Jen-Hsun “Jensen” Huang wasn’t well known outside Silicon Valley, and neither was his company Nvidia (NVDA), until Fortune named him the “2017 Businessperson of the Year,” or number one on the list of Top 20 CEOs of the year.
What lured Fortune to place Huang ahead of more headline-grabbing names like Amazon (AMZN)’s Jeff Bezos, Salesforce’s Marc Benioff and Facebook (META)’s Mark Zuckerberg (all named on the Top 20 CEOs list) is Nvidia’s unparalleled profitability, a primary ranking criterion.
Nvidia’s stock price has skyrocketed from $30 to $200 in the last years, thanks to fast annual profit growth at a more than 50 percent rate.
So who is Huang? And what does Nvidia do? Here are a few bullet points to help you get to know the new corner office darling.
Core business: Nvidia’s core business is GPUs, or “graphics processing units.” It’s a computing infrastructure that powers high performance computing and artificial intelligence. According to the company website, Nvidia’s GPU is used by every major computer maker and cloud service provider, including Dell, Amazon Web Services, Hewlett Packard Enterprise, Alibaba Cloud and so on. Per Fortune, Nvidia currently owns 70 percent of the GPU industry.
What is GPU, again? Nvidia’s GPU was first applied in video gaming in the 1990s. It’s the technology that generates graphics on computer screens. More recently, GPU was used in artificial intelligence. In plain words, it’s “the brain of computers, robots and self-driving cars,” according to the company website.
Peer-approved: Huang cofounded Nvidia in 1993 with fellow electrical engineer Chris Malachowsky, who is now a senior technology executive at the company. Huang has served as the company’s president and ever CEO since. He is highly respected in Silicon Valley. Peers regard him in the league of Jeff Bezos and Elon Musk.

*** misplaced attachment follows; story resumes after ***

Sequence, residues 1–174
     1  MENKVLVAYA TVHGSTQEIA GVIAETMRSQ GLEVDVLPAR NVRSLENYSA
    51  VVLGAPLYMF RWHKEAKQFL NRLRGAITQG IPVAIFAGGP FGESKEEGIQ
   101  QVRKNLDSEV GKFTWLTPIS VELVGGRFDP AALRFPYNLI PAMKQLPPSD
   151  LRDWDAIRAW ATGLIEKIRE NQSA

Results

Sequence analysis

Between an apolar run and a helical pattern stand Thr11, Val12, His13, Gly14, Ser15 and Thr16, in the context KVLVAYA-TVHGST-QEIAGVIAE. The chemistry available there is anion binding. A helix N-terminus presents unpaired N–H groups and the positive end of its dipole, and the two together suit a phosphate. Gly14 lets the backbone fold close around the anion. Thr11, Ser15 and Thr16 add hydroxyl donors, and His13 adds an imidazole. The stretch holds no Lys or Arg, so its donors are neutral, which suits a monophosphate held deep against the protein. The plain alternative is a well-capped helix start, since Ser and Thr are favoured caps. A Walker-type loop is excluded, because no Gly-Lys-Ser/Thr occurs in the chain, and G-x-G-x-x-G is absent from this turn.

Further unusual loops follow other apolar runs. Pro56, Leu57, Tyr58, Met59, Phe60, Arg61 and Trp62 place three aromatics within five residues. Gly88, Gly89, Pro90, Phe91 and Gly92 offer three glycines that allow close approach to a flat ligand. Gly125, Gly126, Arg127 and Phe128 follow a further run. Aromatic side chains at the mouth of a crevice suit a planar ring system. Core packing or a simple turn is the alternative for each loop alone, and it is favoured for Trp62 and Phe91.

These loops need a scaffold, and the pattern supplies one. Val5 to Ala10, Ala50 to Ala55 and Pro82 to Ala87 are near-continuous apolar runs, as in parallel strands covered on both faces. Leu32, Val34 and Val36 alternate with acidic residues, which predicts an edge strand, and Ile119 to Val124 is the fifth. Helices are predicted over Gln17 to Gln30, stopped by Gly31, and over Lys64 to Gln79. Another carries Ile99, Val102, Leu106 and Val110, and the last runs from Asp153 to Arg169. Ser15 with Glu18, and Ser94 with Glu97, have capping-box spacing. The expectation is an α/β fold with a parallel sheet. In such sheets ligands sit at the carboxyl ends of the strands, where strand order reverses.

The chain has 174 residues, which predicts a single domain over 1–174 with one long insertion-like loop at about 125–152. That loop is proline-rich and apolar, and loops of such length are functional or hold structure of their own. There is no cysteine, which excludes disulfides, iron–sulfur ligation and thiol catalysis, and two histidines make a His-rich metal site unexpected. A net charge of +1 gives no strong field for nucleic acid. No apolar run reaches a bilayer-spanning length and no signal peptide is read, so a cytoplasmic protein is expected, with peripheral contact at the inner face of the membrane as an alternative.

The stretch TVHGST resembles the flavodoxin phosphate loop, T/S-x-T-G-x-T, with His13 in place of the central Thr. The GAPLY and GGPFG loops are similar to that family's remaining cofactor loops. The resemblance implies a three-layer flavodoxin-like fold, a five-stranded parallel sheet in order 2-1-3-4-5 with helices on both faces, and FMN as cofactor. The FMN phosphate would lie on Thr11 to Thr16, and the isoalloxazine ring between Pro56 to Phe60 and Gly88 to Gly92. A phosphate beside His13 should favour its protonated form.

Almost all of his employees are white or Asian males: Perhaps not surprisingly, Nvidia has one of the least diverse workforce in Silicon Valley. Last month, Nvidia made public its EEO-1 form, a government-mandated report of employees’ race and gender profiles. As of 2016, 83 percent of Nvidia’s employees are men (88.5 percent at executive level), the second highest among the 22 Silicon Valley tech companies that released the reports.
Ethnically, 52 percent of Nvidia’s employees are Asian, and 43 percent are white.
Unexpected CEO trivia: Uncommon to most CEOs, Huang has a tattoo of the company logo on one of his arms. He did it to celebrate the company’s stock price breaking $100, he revealed in an interview with Fortune.